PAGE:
, Volume 12, Issue 2, pp 86-92
Date: 12 Feb 2013

Biliary tract tumors: past, present and future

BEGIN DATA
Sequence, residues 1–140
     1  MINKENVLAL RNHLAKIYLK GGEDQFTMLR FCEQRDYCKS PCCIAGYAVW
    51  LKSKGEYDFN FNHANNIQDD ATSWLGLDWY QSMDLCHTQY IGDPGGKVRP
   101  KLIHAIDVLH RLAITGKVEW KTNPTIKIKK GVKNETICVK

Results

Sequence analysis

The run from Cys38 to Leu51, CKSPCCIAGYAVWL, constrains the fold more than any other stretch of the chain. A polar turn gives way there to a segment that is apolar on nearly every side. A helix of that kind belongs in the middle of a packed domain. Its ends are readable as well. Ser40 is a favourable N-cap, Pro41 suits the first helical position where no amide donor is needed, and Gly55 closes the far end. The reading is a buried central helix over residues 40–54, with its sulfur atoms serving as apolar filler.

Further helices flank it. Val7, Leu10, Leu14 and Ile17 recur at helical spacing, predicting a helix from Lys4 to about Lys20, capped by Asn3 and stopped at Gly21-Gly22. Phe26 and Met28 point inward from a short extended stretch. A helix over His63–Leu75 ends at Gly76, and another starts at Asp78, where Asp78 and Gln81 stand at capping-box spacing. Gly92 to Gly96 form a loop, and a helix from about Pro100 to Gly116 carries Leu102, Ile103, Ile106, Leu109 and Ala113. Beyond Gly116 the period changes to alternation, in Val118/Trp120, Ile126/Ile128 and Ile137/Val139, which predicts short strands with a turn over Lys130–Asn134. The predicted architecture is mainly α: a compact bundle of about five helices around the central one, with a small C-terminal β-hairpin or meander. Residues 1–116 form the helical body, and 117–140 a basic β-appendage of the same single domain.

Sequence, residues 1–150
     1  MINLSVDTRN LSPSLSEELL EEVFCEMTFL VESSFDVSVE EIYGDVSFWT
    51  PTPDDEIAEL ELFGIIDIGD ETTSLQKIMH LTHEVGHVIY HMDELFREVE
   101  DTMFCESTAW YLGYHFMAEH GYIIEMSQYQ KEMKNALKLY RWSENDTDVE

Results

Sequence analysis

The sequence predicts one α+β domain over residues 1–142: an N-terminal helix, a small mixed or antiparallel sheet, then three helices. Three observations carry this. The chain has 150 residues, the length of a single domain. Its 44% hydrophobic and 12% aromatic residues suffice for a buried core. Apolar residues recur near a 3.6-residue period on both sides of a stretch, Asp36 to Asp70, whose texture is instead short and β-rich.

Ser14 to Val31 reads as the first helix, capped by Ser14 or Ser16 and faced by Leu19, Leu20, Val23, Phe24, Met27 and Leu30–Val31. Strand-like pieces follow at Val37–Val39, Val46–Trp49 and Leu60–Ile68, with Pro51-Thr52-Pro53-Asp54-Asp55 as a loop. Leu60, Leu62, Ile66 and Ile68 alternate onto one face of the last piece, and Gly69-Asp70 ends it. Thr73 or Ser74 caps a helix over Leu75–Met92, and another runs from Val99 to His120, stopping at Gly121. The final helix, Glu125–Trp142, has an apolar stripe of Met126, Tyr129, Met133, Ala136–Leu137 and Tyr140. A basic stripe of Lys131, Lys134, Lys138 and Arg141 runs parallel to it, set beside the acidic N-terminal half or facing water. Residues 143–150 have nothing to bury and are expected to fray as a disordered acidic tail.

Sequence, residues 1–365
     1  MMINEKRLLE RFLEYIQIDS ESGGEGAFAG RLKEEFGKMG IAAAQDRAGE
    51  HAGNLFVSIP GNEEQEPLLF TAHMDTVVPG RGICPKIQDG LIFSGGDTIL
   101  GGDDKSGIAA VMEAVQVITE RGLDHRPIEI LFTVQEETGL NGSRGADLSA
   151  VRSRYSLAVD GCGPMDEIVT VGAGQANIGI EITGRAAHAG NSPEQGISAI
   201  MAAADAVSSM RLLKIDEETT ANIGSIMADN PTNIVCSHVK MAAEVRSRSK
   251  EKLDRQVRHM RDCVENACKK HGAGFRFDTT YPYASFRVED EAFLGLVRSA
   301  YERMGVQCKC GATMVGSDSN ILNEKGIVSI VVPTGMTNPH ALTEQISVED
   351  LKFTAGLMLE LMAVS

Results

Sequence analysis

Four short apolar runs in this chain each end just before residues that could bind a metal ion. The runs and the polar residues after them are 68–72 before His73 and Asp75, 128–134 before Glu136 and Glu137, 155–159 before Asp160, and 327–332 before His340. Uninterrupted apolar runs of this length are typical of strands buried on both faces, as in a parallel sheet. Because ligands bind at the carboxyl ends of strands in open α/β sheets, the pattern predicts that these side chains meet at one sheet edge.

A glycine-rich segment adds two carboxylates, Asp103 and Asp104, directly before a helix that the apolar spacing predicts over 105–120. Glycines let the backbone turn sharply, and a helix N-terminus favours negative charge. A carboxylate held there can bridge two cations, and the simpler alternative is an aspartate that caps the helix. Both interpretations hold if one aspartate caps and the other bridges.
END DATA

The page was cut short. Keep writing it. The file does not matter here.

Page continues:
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Tumors of the biliary tract (gallbladder tumors, cholangiocarcinomas and ampullary carcinomas) are low incidence tumors with poor prognosis. The five-year overall survival is 50% for stage I, 30% stage II, 10% stage III and 0% stage IV. Treatment is based on surgery for potentially resectable tumors. Chemotherapy and chemo-radiotherapy is the treatment of choice when surgery is not amenable, however it has not achieved encouraging results. These patients use to have very few symptoms, which is the reason for the delay in diagnosis and the poor prognosis. They frequently develop biliary obstruction: obstructive jaundice, right upper quadrant pain and weight loss. Ampullary carcinomas are frequently related to steatorrhea due to malabsorption. The most effective chemotherapy drugs used in monotherapy are 5FU (response rate 20%) and gemcitabine (response rate of 13%–60%), so they have been selected for further development in multiple phase II clinical trials to explore their efficacy and safety in combination with other agents. In a phase III clinical trial, combination of gemcitabine and cisplatin has been selected as the schedule of choice. Target therapies are also being developed in this malignancy. The present work reviews the most current knowledge of the pathogenesis, diagnosis and natural history of biliary tract tumors. Further, review of surgery, current adjuvant treatment and therapies for unresectable and advanced disease is provided. The most recent understanding for target therapies and molecular biology is also summarized.